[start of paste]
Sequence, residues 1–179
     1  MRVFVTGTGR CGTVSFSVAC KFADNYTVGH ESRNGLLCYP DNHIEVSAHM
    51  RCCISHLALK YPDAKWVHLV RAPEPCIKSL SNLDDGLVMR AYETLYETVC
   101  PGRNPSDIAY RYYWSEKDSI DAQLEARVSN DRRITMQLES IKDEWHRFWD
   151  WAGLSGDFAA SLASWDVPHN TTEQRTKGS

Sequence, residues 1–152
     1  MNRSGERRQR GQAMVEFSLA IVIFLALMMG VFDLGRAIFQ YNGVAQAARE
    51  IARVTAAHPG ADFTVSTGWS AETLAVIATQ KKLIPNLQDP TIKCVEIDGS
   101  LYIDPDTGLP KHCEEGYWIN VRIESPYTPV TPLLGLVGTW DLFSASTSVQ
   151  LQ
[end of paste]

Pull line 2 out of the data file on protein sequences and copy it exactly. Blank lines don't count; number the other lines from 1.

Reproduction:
     1  MRVFVTGTGR CGTVSFSVAC KFADNYTVGH ESRNGLLCYP DNHIEVSAHM